In The Wake Of Legal Action By Nintendo, ROM Sites Are Closing Down

In The Wake Of Legal Action By Nintendo, ROM Sites Are Closing Down

For many fans of retro gaming, the easiest way to access a huge library of old titles is through ROM sites. But Nintendo are on the offensive.

With a little common sense and the ability to follow an online guide, anyone can build a retro video game console from a Raspberry PI capable of playing games from almost any retro platform.

What’s become known as a ROM (Read Only Memory) is effectively a copy of a game’s data that, when run through emulation software, allows you to play the game.

The use of this practice has been hotly contested for years. Software publishers argue that the distribution of ROMs on the internet is piracy of their intellectual property. The law tends to agree. The loophole to-date has been that if you own a copy of the original game, then you are within your rights to use a data copy of it.

In reality, we all know that’s not the case for 99% of ROM users. Sites that make vast libraries of ROMs available for download are a treasure trove for retro gamers who probably no longer own original consoles and games.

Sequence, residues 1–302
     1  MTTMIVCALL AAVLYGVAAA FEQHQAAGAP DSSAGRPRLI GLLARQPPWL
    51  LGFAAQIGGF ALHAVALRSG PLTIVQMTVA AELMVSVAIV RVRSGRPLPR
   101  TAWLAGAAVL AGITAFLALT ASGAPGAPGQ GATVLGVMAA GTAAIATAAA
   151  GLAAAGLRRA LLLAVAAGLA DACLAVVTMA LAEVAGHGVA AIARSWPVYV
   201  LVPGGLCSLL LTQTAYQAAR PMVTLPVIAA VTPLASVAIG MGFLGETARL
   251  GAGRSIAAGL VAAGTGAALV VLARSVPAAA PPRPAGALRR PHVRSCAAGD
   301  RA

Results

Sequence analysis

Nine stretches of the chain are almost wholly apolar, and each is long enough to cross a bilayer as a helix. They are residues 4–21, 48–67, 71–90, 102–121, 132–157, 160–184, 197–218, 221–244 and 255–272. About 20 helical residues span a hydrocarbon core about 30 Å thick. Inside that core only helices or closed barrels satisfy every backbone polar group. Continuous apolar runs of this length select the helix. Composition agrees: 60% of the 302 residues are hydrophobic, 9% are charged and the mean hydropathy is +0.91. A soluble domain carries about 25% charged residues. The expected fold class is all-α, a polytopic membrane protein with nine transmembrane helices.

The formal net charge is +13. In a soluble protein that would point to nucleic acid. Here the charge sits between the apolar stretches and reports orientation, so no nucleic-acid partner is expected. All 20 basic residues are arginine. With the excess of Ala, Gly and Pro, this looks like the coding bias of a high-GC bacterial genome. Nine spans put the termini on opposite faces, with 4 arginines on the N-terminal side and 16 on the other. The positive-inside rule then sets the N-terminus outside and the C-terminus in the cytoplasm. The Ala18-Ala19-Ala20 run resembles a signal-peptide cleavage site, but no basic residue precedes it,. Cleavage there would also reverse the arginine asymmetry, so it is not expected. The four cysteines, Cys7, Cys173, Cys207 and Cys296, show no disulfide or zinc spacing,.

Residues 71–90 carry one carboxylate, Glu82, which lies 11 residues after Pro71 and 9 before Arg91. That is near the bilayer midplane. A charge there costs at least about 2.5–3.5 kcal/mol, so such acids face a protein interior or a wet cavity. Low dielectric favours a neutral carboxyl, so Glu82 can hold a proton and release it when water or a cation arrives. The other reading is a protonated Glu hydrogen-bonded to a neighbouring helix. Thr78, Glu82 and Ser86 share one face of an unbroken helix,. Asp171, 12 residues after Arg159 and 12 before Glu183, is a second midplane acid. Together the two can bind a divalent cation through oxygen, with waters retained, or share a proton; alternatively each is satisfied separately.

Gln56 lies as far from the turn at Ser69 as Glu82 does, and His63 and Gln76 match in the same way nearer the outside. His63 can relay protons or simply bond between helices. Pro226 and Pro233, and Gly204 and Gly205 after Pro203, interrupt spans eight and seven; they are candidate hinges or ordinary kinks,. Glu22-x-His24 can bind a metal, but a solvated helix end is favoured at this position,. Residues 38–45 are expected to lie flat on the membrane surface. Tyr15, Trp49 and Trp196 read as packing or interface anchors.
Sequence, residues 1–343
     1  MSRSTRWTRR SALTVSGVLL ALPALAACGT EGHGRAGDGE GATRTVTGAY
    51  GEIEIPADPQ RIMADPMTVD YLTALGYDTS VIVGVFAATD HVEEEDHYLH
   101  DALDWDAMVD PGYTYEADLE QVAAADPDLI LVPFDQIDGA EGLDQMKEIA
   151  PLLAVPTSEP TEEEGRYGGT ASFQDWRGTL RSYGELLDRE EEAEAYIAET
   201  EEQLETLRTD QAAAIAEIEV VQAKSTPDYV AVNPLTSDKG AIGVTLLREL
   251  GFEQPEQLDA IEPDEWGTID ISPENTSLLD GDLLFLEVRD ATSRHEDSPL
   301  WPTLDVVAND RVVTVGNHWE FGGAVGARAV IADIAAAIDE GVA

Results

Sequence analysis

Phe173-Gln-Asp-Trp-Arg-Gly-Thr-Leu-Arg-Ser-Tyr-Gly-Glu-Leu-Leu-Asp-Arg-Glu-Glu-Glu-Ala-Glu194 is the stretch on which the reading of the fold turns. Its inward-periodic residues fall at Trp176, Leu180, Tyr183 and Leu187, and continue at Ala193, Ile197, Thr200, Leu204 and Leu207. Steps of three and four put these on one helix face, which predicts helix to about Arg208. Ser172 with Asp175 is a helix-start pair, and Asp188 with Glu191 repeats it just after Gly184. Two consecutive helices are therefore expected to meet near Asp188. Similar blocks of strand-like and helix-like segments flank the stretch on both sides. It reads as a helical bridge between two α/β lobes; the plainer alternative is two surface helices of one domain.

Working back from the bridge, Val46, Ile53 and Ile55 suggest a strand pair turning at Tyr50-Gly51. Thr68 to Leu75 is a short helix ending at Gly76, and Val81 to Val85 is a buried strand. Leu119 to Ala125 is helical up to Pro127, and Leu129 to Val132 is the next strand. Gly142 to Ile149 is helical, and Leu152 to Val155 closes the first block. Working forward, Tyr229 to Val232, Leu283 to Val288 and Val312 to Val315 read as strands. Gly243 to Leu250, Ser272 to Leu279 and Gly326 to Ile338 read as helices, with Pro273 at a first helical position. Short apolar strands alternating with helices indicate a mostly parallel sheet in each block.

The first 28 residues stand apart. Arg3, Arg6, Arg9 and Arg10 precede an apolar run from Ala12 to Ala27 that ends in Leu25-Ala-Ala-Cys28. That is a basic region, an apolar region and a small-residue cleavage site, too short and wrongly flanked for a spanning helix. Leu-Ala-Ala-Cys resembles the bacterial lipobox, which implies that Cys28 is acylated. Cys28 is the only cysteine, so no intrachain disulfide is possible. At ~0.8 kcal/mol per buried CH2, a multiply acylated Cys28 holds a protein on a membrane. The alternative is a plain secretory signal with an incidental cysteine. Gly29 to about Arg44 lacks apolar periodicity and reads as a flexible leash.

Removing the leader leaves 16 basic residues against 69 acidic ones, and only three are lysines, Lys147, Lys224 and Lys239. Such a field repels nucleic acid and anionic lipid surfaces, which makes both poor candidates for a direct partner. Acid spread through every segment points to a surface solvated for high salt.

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Retro Pi

A Raspberry Pi loaded with RetroPie is all you need to play ROMs like a (final) boss

In the last month Nintendo have stepped up their offensive against some of the better know websites that host libraries of their games. Both and were sued by Nintendo who are asking for $100 Million in damages stating that the two outlets, both owned by Mathias Designs LLC, are ‘Online Piracy Businesses’ making money out of Nintendo’s intellectual property.

The vast financial claim is certainly unrealistic, but Nintendo are hoping to set a precedent that will allow them the leverage to close down further online ROM libraries.

Their tactic seems to be working with one of the largest cross-platform ROM archives, choosing to remove the ability to download ROMs from their site. Their database of games remains, but the site will no longer be making ROMs available.

In a statement the site owners explain that after 18 years operating Emu Paradise “It’s not worth it for us to risk potentially disastrous consequences“. The site will remain as a tribute to retro-gaming and look to move in a new direction.

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Is it game over for retro gaming? Or will the software publishers now take the initiative to begin charging for ROMs themselves? It seems likely.

For many it’s simply not plausible to maintain aging hardware and seek out old games.

Lead Image from: PiMyLifeUp

Will Harrison

About the author | Will Harrison

Founder of The Unheard Nerd. A husband and father of two girls, Will is a fan of Nerdcore Hip-Hop, a comics fiend, a podcast host and champion of independent nerd culture. | Follow will on twitter: @TheUnheardNerd

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